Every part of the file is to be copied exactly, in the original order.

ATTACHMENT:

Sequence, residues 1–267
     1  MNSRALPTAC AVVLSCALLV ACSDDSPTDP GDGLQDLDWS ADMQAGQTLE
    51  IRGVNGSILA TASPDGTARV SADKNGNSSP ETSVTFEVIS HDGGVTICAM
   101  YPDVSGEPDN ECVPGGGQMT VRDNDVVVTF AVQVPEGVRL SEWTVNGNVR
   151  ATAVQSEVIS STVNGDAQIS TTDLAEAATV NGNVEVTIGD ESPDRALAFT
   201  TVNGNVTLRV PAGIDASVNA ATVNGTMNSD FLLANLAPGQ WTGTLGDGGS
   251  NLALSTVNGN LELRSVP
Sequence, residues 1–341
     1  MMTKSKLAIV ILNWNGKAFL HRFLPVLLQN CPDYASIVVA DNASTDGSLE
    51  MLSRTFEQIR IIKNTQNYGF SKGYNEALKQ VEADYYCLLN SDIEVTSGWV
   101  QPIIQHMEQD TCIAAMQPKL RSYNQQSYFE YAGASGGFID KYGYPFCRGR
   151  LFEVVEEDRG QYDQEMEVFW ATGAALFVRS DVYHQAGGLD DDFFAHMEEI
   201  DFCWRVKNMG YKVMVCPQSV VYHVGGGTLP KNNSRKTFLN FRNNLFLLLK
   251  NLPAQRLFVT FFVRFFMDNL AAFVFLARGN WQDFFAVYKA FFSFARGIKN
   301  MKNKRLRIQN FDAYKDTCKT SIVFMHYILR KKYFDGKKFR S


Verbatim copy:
Sequence, residues 1–267
     1  MNSRALPTAC AVVLSCALLV ACSDDSPTDP GDGLQDLDWS ADMQAGQTLE
    51  IRGVNGSILA TASPDGTARV SADKNGNSSP ETSVTFEVIS HDGGVTICAM
   101  YPDVSGEPDN ECVPGGGQMT VRDNDVVVTF AVQVPEGVRL SEWTVNGNVR
   151  ATAVQSEVIS STVNGDAQIS TTDLAEAATV NGNVEVTIGD ESPDRALAFT
   201  TVNGNVTLRV PAGIDASVNA ATVNGTMNSD FLLANLAPGQ WTGTLGDGGS
   251  NLALSTVNGN LELRSVP
Sequence, residues 1–341
     1  MMTKSKLAIV ILNWNGKAFL HRFLPVLLQN CPDYASIVVA DNASTDGSLE
    51  MLSRTFEQIR IIKNTQNYGF SKGYNEALKQ VEADYYCLLN SDIEVTSGWV
   101  QPIIQHMEQD TCIAAMQPKL RSYNQQSYFE YAGASGGFID KYGYPFCRGR
   151  LFEVVEEDRG QYDQEMEVFW ATGAALFVRS DVYHQAGGLD DDFFAHMEEI
   201  DFCWRVKNMG YKVMVCPQSV VYHVGGGTLP KNNSRKTFLN FRNNLFLLLK
   251  NLPAQRLFVT FFVRFFMDNL AAFVFLARGN WQDFFAVYKA FFSFARGIKN
   301  MKNKRLRIQN FDAYKDTCKT SIVFMHYILR KKYFDGKKFR S